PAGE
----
Corporate Yoga has increased in popularity as it is a relatively accessible form of exercise that can easily be accommodated in the workplace. During stressful times such as these, an initiative such as in-house yoga classes can be an effective, low cost method to help improve the wellbeing of your employees. If you are considering a corporate or in-house yoga session for your workplace, this article outlines what you will need to get started.
1. Find An Empty Space
The first thing that you will need to consider is where you will hold the sessions. Yoga does not require a huge amount of space per person but it needs to be comfortable for those participating. The space will need to be empty for the session and preferably carpeted for floor based exercises. If you can find a space that is also well ventilated that would be ideal. Most companies would typically use a meeting room or a vacant office area to host their sessions.
Once you have identified your space, then you will start to get a better understanding of how many employees can attend each session and appropriate times of day to hold the sessions so as to limit workplace disruption.
2. Assess Employee Interest
This is really simple. All you need to do is send an email or post an article on your intranet so that your employees can express an interest in the service. It is important to remember that not everyone wants to be working out with their colleagues so you need to ensure there is sufficient interest prior to committing to a Yoga provider.
This is also the point where you will need to decide the payment method for the sessions. This varies by workplace from fully subsidized through to user pays with many variations between the two.
3. Find A Yoga Provider
Search for a Yoga instructor that suits your requirements and is willing to come to your location. It is worthwhile shopping around to find a Yoga instructor that fits your price bracket and has an appropriate level of experience. You should also ensure that the Yoga instructor has the appropriate insurances or professional indemnities that your workplace requires for onsite instruction.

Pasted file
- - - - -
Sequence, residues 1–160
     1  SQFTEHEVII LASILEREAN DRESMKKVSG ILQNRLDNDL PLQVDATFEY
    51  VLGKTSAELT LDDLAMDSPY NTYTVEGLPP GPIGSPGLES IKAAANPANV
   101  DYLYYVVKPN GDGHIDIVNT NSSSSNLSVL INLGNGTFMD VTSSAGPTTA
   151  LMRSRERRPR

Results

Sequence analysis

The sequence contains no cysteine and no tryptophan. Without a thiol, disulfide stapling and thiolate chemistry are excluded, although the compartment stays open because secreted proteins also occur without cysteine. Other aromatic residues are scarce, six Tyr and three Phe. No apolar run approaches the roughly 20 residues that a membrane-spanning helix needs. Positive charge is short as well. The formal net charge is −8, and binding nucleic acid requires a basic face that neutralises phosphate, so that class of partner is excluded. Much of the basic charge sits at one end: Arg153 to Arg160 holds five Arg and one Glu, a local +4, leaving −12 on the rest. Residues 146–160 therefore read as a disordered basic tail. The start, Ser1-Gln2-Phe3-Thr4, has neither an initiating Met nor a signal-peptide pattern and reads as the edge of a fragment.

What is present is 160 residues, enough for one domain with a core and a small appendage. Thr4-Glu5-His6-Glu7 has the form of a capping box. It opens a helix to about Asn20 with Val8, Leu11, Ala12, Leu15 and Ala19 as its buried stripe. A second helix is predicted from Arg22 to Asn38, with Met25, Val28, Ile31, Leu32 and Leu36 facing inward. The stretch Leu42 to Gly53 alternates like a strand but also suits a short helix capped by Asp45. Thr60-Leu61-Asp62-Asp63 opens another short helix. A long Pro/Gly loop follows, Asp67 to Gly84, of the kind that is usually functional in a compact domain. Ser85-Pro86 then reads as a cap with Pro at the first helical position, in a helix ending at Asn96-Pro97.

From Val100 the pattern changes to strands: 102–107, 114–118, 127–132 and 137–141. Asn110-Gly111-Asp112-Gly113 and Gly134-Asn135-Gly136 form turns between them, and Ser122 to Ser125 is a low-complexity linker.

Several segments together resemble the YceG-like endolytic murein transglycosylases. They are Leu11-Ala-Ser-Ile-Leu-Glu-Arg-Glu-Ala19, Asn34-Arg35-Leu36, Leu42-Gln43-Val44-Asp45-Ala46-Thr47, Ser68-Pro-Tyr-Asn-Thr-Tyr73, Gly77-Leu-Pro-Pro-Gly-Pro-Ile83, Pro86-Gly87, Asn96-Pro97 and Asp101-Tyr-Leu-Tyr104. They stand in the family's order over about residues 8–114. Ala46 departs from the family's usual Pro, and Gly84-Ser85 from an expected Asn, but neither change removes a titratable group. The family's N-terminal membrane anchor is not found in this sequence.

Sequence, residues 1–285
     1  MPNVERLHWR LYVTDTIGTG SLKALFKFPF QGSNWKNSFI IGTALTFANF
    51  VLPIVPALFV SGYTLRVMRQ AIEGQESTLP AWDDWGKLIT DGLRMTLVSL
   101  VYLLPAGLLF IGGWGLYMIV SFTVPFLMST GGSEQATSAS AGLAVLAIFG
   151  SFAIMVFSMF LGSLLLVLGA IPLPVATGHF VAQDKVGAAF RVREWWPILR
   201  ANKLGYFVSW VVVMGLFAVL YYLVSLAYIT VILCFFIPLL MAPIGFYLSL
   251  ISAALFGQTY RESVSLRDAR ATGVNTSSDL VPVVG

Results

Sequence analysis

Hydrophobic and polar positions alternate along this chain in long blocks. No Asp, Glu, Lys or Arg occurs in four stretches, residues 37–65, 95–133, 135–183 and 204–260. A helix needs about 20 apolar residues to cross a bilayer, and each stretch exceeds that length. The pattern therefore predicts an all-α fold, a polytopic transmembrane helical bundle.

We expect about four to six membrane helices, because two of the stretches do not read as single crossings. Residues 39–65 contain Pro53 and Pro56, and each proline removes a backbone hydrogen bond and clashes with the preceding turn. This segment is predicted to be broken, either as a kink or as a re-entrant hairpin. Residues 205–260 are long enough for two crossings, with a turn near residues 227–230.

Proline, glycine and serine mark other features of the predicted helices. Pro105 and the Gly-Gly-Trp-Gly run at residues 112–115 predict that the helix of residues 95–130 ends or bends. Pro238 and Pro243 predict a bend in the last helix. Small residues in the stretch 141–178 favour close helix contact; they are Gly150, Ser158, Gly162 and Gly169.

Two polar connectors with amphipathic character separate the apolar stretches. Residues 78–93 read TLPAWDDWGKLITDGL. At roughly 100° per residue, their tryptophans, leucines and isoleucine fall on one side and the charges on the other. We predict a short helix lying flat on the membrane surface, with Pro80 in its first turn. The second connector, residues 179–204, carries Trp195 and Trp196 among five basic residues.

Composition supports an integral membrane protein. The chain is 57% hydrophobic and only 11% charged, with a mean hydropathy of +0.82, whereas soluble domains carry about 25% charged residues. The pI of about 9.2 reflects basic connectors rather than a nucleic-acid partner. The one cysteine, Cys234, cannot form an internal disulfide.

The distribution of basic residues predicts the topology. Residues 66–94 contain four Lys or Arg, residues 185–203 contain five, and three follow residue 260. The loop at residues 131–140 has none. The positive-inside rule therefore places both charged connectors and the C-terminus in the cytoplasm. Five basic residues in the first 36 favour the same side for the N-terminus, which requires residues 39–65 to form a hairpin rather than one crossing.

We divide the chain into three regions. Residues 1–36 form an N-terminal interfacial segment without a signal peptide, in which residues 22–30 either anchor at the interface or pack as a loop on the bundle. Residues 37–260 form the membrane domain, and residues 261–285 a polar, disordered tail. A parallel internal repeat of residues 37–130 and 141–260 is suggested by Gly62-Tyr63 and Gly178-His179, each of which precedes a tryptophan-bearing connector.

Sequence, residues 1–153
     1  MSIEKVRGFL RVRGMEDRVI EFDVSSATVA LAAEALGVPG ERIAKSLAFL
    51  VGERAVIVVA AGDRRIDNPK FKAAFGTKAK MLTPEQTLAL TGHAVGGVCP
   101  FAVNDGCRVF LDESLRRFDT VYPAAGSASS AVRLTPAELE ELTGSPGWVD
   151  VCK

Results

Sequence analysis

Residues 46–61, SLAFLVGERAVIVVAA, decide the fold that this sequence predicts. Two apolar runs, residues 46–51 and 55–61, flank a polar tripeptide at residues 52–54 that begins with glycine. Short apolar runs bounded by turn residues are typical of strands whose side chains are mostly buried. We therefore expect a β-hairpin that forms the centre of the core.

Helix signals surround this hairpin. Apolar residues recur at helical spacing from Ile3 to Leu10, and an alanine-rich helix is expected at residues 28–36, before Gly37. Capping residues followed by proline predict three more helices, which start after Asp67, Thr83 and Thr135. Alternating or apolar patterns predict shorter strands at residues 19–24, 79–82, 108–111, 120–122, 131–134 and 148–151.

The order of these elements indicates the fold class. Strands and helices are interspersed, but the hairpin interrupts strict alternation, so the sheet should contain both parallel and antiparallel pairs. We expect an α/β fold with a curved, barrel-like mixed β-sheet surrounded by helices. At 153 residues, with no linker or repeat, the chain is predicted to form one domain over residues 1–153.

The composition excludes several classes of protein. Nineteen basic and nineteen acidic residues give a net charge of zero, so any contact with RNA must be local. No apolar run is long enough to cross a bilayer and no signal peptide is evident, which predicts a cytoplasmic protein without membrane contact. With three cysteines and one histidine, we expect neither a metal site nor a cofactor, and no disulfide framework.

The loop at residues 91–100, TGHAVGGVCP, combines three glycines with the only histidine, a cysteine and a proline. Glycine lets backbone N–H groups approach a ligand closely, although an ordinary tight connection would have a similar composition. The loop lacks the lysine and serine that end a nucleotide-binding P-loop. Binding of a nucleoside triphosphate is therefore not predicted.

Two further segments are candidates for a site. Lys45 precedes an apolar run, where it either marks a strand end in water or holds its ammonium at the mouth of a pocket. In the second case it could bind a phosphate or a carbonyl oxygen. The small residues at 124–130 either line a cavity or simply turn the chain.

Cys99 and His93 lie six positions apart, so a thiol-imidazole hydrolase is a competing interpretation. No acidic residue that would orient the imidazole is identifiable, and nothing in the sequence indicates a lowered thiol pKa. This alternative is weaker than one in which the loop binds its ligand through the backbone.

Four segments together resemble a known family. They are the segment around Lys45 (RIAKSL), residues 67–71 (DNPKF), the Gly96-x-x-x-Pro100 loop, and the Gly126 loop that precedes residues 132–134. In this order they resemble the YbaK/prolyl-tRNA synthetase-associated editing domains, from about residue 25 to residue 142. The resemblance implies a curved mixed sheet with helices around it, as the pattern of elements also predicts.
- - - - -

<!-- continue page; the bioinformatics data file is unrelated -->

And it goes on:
You may also want to consider which style of Yoga will best suit your workplace. Make sure that you cater to your audience when making this decision so that the Yoga classes are accessible but challenging for everyone that gets involved.
4. Organize Mats and Equipment
Lastly, you will need to ensure that you have access to the right equipment. Most Yoga instructors only require their clients to have a mat. These can sometimes be provided by the instructor but be certain to check if there are additional charges for this service.
Once you have organized all of these logistics, then you are ready to get started with your in-house or corporate Yoga sessions. All you need to do is let people know when and where to attend. Once you have completed your first series of sessions, it is also a great idea to get some employee feedback on both the sessions and the Yoga instructor so that you can identify improvement opportunities and ensure there is continued interest.
I hope this article has been useful and good luck with your corporate Yoga sessions!
About the Author: Kareene Koh
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Reprinted from selfgrowth.com